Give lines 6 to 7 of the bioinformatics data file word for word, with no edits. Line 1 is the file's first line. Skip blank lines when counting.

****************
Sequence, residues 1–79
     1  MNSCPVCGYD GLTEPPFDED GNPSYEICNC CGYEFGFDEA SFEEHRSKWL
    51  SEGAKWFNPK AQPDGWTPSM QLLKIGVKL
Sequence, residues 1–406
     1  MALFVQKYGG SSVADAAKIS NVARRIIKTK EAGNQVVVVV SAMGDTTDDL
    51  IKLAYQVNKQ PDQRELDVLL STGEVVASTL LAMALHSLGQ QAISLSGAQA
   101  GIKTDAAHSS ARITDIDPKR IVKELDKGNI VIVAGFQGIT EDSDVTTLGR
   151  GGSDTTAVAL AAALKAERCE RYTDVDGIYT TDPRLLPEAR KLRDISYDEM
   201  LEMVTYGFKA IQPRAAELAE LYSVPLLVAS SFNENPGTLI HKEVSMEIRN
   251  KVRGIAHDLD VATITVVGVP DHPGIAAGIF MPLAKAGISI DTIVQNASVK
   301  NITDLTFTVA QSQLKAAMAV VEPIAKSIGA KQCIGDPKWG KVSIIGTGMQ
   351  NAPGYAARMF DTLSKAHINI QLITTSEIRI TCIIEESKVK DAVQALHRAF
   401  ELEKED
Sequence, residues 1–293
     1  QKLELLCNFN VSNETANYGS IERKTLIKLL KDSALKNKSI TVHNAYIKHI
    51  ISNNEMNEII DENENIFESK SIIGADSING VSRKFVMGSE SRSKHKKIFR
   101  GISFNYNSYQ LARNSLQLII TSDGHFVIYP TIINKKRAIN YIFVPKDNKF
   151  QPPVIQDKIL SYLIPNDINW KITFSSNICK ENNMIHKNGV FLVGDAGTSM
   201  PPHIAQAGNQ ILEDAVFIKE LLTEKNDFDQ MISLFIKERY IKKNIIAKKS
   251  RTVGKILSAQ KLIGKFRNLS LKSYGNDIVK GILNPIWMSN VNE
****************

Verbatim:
    51  IKLAYQVNKQ PDQRELDVLL STGEVVASTL LAMALHSLGQ QAISLSGAQA
   101  GIKTDAAHSS ARITDIDPKR IVKELDKGNI VIVAGFQGIT EDSDVTTLGR